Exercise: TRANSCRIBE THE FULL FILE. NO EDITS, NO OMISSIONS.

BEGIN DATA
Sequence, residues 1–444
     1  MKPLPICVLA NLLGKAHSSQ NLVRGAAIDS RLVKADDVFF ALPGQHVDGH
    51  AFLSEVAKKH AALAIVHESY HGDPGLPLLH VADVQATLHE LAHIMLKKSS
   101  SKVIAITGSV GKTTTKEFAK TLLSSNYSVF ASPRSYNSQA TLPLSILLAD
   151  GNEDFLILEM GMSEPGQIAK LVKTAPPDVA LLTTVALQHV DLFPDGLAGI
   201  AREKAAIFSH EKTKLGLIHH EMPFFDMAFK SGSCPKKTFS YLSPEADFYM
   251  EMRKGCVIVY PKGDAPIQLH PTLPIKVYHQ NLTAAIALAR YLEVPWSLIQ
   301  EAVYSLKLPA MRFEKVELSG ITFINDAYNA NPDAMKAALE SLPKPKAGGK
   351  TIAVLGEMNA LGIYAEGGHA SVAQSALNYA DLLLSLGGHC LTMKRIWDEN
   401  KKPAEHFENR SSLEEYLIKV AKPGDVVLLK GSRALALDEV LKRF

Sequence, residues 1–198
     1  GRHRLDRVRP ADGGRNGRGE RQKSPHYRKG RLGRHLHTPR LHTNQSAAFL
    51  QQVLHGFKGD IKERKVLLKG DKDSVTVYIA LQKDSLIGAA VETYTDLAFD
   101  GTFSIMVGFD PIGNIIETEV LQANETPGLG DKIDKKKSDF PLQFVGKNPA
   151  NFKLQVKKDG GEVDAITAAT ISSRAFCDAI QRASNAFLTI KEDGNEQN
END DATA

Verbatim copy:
Sequence, residues 1–444
     1  MKPLPICVLA NLLGKAHSSQ NLVRGAAIDS RLVKADDVFF ALPGQHVDGH
    51  AFLSEVAKKH AALAIVHESY HGDPGLPLLH VADVQATLHE LAHIMLKKSS
   101  SKVIAITGSV GKTTTKEFAK TLLSSNYSVF ASPRSYNSQA TLPLSILLAD
   151  GNEDFLILEM GMSEPGQIAK LVKTAPPDVA LLTTVALQHV DLFPDGLAGI
   201  AREKAAIFSH EKTKLGLIHH EMPFFDMAFK SGSCPKKTFS YLSPEADFYM
   251  EMRKGCVIVY PKGDAPIQLH PTLPIKVYHQ NLTAAIALAR YLEVPWSLIQ
   301  EAVYSLKLPA MRFEKVELSG ITFINDAYNA NPDAMKAALE SLPKPKAGGK
   351  TIAVLGEMNA LGIYAEGGHA SVAQSALNYA DLLLSLGGHC LTMKRIWDEN
   401  KKPAEHFENR SSLEEYLIKV AKPGDVVLLK GSRALALDEV LKRF

Sequence, residues 1–198
     1  GRHRLDRVRP ADGGRNGRGE RQKSPHYRKG RLGRHLHTPR LHTNQSAAFL
    51  QQVLHGFKGD IKERKVLLKG DKDSVTVYIA LQKDSLIGAA VETYTDLAFD
   101  GTFSIMVGFD PIGNIIETEV LQANETPGLG DKIDKKKSDF PLQFVGKNPA
   151  NFKLQVKKDG GEVDAITAAT ISSRAFCDAI QRASNAFLTI KEDGNEQN